[MORE: Kansas got Cheick Diallo news today]

He capped an MVP performance in the Maui Invitational with 25 points and seven boards on 8-for-11 shooting as the No. 5 Kansas Jayhawks knocked off No. 19 Vanderbilt, 70-63, in the title game. Selden was terrific for the entire weekend, averaging 21.5 points in the two games against Division I competition and shooting 12-for-17 from beyond the arc in the three game tournament.

It was the best that we’ve seen Selden play during his Jayhawk career, and it came in a game the Jayhawks desperately needed it. Vanderbilt is a damn good team. They’re ranked 19th, which may actually be too low, and they seem to clearly be the biggest challenger to Kentucky in the SEC. They jumped out to a double-digit lead on Kansas in the first half as the Jayhawks seemed to be sleep-walking early in the game.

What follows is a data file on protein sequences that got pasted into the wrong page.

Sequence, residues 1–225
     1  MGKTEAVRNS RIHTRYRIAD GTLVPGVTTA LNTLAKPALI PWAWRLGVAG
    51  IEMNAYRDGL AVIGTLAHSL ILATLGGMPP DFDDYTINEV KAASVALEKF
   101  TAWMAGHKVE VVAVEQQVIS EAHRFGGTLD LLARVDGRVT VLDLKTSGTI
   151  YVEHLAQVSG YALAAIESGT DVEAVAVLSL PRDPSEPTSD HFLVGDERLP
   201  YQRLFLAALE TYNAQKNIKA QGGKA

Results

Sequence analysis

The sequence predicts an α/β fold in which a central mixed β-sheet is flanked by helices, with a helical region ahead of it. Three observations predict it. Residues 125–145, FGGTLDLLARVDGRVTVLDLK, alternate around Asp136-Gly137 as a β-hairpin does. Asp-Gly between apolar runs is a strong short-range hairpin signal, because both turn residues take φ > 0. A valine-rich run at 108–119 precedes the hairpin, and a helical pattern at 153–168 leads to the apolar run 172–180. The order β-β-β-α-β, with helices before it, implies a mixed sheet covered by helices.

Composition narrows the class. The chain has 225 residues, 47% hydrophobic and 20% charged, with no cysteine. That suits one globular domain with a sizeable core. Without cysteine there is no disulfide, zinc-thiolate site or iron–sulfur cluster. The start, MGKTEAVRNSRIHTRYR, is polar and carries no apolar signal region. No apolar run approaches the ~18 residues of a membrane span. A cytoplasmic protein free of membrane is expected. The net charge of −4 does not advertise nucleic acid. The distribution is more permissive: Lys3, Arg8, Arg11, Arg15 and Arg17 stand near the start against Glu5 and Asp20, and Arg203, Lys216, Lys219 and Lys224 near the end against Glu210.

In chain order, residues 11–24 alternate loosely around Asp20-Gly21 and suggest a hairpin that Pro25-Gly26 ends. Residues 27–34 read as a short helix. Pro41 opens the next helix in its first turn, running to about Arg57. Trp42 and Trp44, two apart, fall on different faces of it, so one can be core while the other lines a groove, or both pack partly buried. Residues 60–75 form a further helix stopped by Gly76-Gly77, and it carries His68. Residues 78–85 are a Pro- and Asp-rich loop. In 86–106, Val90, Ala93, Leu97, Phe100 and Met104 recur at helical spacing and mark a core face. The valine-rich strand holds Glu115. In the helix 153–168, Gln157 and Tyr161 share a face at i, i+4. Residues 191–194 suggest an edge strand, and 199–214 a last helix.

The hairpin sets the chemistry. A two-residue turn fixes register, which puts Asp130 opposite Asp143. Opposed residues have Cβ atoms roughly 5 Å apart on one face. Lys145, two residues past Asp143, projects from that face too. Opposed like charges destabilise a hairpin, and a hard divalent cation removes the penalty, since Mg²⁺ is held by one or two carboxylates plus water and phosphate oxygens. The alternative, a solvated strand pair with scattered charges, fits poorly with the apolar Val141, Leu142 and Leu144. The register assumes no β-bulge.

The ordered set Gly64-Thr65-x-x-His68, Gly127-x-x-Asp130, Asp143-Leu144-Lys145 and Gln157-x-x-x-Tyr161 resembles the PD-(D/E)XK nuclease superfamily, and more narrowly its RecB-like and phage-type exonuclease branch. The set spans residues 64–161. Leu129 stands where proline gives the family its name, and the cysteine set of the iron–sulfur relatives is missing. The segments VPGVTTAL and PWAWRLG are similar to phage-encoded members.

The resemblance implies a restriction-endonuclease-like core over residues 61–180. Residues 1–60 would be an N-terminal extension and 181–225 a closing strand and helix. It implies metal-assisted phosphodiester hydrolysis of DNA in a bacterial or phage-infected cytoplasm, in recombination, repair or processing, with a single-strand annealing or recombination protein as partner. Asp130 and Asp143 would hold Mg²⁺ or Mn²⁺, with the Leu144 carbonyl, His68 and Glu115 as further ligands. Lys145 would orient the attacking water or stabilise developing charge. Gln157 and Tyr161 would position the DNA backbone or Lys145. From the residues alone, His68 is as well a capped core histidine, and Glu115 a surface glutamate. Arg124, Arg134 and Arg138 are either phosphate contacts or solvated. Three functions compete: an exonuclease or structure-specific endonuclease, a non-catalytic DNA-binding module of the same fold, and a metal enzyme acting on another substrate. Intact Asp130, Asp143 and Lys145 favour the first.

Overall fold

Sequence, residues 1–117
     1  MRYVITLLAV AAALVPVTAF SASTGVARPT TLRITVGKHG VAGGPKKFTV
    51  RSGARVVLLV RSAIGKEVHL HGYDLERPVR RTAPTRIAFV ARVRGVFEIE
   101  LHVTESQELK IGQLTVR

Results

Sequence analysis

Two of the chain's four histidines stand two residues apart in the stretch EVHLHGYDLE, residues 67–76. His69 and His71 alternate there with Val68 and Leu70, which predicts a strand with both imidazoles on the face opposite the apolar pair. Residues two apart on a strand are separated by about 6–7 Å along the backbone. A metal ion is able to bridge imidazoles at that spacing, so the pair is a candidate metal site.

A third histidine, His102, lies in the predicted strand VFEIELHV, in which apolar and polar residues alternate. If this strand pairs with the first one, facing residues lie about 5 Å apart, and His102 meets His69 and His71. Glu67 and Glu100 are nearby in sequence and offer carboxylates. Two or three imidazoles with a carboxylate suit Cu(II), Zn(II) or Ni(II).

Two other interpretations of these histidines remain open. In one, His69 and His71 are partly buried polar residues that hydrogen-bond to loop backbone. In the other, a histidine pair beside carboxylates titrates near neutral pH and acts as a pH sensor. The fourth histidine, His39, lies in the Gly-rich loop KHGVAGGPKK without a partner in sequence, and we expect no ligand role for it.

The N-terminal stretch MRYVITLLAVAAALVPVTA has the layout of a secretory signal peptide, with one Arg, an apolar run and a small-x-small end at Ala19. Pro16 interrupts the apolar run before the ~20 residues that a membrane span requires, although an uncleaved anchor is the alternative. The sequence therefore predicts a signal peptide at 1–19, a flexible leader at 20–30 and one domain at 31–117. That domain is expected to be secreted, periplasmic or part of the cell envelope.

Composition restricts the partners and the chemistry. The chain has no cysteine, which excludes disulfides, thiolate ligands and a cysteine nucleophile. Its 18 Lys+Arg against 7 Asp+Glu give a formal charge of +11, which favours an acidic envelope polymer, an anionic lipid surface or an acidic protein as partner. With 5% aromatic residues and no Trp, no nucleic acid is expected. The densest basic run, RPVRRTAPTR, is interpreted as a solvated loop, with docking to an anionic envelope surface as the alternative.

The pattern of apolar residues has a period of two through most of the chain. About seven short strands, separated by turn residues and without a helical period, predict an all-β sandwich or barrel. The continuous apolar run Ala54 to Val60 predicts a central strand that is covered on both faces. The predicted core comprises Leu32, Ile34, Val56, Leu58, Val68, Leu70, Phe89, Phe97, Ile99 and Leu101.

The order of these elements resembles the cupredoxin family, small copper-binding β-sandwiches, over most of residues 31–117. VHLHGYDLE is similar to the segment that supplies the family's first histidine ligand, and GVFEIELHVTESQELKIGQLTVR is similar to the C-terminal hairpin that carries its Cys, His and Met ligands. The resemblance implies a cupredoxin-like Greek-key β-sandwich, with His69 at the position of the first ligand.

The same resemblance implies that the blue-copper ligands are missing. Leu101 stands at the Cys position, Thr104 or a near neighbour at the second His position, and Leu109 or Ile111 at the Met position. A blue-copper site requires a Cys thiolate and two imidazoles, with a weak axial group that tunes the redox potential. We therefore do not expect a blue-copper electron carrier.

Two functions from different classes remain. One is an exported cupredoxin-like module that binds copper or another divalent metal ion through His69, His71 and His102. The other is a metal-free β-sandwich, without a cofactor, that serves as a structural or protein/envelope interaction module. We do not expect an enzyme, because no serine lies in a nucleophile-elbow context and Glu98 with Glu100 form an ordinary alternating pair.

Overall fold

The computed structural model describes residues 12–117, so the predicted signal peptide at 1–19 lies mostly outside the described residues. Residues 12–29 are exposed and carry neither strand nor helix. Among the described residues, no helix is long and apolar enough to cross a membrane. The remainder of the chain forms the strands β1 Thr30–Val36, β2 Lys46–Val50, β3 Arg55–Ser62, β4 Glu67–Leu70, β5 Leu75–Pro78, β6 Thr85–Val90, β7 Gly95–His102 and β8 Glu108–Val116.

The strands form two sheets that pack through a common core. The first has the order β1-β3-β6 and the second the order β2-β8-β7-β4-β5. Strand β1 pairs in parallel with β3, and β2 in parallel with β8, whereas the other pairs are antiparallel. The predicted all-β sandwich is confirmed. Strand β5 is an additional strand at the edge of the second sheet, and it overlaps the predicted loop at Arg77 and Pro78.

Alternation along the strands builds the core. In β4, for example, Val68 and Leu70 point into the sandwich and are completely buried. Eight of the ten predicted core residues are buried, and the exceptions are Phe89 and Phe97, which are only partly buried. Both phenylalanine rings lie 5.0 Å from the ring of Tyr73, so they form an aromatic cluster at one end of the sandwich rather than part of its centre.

Enter Selden. He drilled three threes in the first half and scored 13 of the 26 Jayhawk points to keep them close. In other words, he played like a star on a night Kansas desperately needed someone to step up and play like a star. Remember: this is a dude that had enough talent and potential in high school to be considered a McDonald’s All-American and a potential lottery pick. The ability is there:

(That move is filthy.)

The question has always been whether or not he is capable of putting it all together, of being the guy that can be relied upon to make the big play in the big moment, to carry a team with title aspirations.

And to be fair, the jury is still out in that regard. Are we just going to ignore those four free throws he clanged down the stretch?

But seeing Selden have this kind of performance in a game like this against a team that is this good is unquestionably a positive for Kansas moving forward.